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Vendée Drop-Outs & Drama

Gutek was forced to withdraw after Energa’s autopilots wouldn’t steer a consistent course.

© Jean-Marie Liot / DPPI / Vendée Globe

This morning brought the bad news that Zbigniew ‘Gutek’ Gutkowski on Energa has bowed out of the Vendée Globe. From day one, Gutek has been struggling to overcome problems with his autopilots. Many calls to his shoreside team and many failed efforts at fixing the situation forced him to make the tough decision. 

"Having no autopilot means I can’t race, and if I can’t race, I have to retire," he said in his retirement email to race officials. "I cannot go without an autopilot in the Southern Ocean, that is impossible. I need to keep the boat in one piece I don’t want to lose it and maybe my life in the Southern Ocean. Being brave is not only about fighting, it is also about knowing where to stop."

Gutek’s retirement follows that of Jérémie Beyou on Maître CoQ, who dropped out late on Monday after failing to find a safe fix for his broken canting keel. "The situation is clear, the way the keel head is tied right now will resist the tide and has allowed me to go find shelter," he told race officials. "But it won’t be enough to stand all the pressure and weight throughout the race around the world. I’ve started the engine. The race is over."

Sam Davies is smiling again after scrounging a piece of a broken mast and a Laser sail for Savéol’s jury rig.

© Sam Davies / DPPI / Vendée Globe

The irrepressible Sam Davies, while still grieving over having to withdraw after her dismasting, cheered up considerably when she and her team were able to set up a jury rig for Savéol for the sail home. Using a donated Laser sail and part of a broken mast, Davies and her boat captain Erwan Lemeilleur are slowly making their way back to France. "The worst thing that can happen is when you abandon a race and you have to get straight on a plane," Davies said. "I think it’s going to take us a long time to get Savéol home so that’s quite a nice way of gently coming back down to earth."

So that leaves 14 racers to tear their way around the globe. Leading the pack, as he has almost since the beginning, is Armel Le Cléac’h on Banque Populaire. "I’ve just crossed the equator and I’m drinking champagne, with a toast to Neptune, the boat and the skipper," he said as he cross the line today. "Now going south to Brazil. I’m not too drunk. I’m happy to be ahead, but there’s only a very small gap — 40 miles is nothing in the Vendée Globe."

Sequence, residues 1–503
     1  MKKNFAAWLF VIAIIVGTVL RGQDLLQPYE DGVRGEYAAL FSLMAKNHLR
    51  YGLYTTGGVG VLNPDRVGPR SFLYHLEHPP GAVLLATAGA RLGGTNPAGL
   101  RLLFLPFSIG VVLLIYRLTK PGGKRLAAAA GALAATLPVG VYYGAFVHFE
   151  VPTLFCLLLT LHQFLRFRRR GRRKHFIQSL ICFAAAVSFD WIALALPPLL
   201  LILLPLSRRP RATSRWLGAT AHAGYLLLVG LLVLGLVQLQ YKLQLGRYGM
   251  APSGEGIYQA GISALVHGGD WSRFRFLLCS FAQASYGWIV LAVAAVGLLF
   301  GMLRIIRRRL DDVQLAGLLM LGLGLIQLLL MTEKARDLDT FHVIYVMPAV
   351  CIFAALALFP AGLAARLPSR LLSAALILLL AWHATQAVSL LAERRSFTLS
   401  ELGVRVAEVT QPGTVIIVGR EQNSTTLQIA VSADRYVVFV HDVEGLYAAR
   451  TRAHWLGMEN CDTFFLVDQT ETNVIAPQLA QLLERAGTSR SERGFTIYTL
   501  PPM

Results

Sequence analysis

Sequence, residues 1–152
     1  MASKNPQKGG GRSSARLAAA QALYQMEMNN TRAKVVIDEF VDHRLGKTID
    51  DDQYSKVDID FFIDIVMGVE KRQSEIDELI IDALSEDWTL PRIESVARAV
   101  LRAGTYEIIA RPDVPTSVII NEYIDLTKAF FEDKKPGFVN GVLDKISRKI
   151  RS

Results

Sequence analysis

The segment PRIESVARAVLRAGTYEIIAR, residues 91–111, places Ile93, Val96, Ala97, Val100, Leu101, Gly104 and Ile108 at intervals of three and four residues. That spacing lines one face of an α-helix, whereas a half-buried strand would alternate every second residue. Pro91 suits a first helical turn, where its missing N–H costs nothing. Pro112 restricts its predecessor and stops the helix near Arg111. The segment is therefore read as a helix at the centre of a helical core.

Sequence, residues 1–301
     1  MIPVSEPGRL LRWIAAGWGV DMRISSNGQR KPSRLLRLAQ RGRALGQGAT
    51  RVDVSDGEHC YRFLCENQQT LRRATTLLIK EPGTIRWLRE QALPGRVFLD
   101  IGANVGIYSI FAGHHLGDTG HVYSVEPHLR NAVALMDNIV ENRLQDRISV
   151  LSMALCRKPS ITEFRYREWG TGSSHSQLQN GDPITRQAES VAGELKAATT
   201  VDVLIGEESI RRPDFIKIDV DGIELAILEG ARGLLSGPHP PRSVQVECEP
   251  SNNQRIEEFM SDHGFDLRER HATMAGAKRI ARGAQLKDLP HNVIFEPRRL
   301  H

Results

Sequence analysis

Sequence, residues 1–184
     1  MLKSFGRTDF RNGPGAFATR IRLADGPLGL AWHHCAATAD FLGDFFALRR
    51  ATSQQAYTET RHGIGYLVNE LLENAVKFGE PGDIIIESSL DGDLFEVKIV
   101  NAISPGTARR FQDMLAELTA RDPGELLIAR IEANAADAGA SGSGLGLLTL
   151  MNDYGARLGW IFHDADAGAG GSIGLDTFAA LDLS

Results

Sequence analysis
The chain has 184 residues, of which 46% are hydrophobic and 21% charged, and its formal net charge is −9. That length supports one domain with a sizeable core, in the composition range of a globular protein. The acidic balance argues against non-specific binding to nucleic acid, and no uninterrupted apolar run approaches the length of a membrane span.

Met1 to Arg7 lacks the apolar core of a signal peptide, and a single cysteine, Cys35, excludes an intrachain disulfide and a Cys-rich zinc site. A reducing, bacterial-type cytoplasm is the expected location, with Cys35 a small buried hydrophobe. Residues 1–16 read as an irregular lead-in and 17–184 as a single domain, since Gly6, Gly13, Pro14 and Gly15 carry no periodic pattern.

Armel Le Cléac’h keeps pushing Banque Populaire to stay ahead of the fleet.

© Armel Le Cléac’h / DPPI / Vendée Globe

In fact, 40 miles could be just a couple hours worth of sailing on an Open 60, which is exactly the penalty several skippers were hit with after protests by Hugo Boss and the Race Committee taking exception with the way they sailed in or through the Finisterre Traffic Separation Scheme. Jean Le Cam (Synerciel), Dominique Wavre (Mirabaud), Javier Sansó (Acciona), Tanguy De Lamotte (Initiatives Cœur), and Gutek (he withdrew afterward) were penalized two hours, while Mike Golding (Gamesa) took a 30-minute hit and Jean-Pierre Dick (Virbac Paprec 3) was dinged 20 minutes.


Alessandro et les dauphins by VendeeGlobeTV


Kelly Blythe of Vallejo’s CS Marine Constructors, who keeps his Ranger 26 at Treasure Island Marina, sent in a suggestion that those interested in the race join in the Virtual Vendée Regatta. "It’s a fabulous way to ‘sail’ the race in real time with over 340,000 other sailors," he reports. "It’s a free race (though you can buy upgrades) and is rather addicting."

Kelly goes on to report that the race is run from France, with twice daily wind updates (around 11 a.m. and p.m. PST), and that they recently teamed with a company to make the site better for English speakers. "Check it out, and don’t blame me when you find yourself say over the next three months at 11 and 11, ‘Excuse me, but I have to go check my race!’"


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